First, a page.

Libraries have thus highlighted their role in the city, how they are great contributors to social inclusion and cohesion. in some cases, their involvement has attracted a lot of attention among citizens, public bodies or even companies.

Read more about the actions and services of libraries in  Hamburg , Malmö  and Paris  for refugees.

During the second part of the session, Mary Grace Falherty will give an overview of Libraries response in times of disaster, and there will be presentations and workshops with colleagues from Oslo (Norway), United States and Toronto (Canada).

Looking forward to seeing you in Columbus!

Library Services to Immigrants and Refugees

The Public Libraries Section was delighted to be part of a recent webinar on Library Services to Immigrants and Refugees which took place on 31 March 2016. IFLA Continuing Professional Development and Workplace Learning and the New Professionals SIG partnered with the American Library Association to present this one-hour webinar. An online resource is now  available for everyone to revisit and listen anywhere at any time.
View the webinar recordings:

  • Introduction by Loida Garcia-Febo. Loida is an IFLA Governing Board Member, coordinated the event and shared early findings and initial recommendations about programs, topics, and services based on results of her early research about public libraries serving immigrants and refugees in the U.S.A.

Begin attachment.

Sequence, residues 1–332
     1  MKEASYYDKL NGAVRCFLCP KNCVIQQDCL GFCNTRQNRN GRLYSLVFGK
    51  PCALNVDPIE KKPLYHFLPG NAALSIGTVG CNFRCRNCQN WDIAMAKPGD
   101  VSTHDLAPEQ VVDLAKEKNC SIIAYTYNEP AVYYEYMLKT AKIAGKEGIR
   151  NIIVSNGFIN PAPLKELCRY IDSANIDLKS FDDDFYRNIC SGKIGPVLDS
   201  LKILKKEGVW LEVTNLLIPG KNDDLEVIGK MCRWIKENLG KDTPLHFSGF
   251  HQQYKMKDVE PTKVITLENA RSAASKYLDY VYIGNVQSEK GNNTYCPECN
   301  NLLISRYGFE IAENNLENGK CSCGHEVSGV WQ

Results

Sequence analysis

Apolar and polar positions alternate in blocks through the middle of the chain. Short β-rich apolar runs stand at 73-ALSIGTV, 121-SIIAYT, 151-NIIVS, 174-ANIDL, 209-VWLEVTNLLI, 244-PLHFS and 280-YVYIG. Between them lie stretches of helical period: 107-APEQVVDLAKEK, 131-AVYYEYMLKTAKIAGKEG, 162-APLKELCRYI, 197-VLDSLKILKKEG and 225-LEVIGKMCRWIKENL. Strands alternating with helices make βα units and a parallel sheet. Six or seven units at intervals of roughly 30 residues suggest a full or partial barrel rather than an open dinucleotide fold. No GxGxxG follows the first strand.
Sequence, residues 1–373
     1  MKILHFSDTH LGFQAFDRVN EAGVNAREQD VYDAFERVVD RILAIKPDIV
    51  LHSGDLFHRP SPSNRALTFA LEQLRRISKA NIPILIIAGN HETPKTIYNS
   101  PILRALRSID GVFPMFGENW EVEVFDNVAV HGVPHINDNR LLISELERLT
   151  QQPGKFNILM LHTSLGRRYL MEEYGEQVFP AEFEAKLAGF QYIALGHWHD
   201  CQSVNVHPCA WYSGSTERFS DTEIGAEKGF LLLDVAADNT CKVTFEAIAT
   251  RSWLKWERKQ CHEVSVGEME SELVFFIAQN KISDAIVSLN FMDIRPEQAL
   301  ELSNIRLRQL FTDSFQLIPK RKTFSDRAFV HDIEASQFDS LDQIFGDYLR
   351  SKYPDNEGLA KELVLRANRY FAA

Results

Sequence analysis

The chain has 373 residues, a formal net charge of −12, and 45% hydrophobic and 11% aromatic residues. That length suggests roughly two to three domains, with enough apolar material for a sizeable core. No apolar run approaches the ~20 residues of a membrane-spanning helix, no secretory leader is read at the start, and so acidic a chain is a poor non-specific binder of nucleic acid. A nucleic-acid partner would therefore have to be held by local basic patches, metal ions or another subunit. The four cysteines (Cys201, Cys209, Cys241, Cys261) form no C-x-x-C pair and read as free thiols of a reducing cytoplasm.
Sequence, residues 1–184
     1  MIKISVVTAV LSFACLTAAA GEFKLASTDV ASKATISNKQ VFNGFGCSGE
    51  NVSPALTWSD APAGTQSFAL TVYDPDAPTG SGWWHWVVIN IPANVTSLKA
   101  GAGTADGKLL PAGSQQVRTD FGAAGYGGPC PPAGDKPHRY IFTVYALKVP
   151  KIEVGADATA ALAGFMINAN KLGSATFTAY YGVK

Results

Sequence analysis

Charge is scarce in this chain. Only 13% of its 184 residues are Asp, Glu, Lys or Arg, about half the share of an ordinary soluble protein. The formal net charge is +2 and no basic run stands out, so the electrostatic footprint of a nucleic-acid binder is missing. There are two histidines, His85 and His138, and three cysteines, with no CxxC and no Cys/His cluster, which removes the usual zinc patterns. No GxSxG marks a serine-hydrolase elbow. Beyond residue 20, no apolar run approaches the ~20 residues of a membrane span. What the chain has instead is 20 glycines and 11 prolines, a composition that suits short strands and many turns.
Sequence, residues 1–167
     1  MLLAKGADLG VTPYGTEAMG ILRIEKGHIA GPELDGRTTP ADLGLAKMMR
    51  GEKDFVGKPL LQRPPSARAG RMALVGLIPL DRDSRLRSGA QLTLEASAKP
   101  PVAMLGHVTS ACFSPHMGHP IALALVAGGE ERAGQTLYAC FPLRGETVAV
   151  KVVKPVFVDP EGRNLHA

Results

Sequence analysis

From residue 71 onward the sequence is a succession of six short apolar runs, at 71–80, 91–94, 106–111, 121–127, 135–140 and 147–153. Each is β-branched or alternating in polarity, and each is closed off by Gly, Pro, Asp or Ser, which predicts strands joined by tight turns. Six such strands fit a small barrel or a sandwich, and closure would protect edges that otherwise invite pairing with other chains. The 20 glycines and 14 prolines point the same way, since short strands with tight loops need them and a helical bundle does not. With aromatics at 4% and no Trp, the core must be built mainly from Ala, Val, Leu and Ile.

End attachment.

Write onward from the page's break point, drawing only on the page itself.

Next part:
• Jan Richards, Secretary and Information Coordinator  IFLA Public Libraries Section, and Manager of Central West Libraries in Australia, shared best practices and models from different countries compiled by her Section which you can find on the document titled “Responding! Public Libraries and Refugees”. You can read more about their publications and projects on the IFLA Public Libraries website.
  • Jukka Relander, President of the European Bureau of Library, Information and Documentation Associations (EBLIDA), and President of the Finnish Library Association shared insights from the library community in Europe. EBLIDA has developed a strong campaign to promote services to these populations and you can stay updated by following its website which features libraries from different European countries serving refugees.
  • Jack Hang-tat Leong, Chair of IFLA Library Services to Multicultural Populations Section, and Director of University of Toronto Libraries in Canada, spoke about the IFLA/UNESCO Multicultural Library Manifesto Toolkit published by his Section.

Responding! Public Libraries and Refugees


Libraries throughout the world have a strong history of responding to natural disasters and humanitarian crises providing a welcoming environment, a place of refuge for body and soul, and a source of information.

As we have watched the refugee crisis unfold in Europe we have been flooded with examples of how public libraries have responded in practical and heartfelt ways.

Members of IFLA’s Public Libraries Standing Committee and their colleagues have joined together to collect some of these examples and stories. The resulting document is not meant to be exhaustive but is more of a starting point for shared experience and inspiration and demonstrates the power of libraries to make a difference in people’s lives.

If you would like to share your story we would love to hear from you.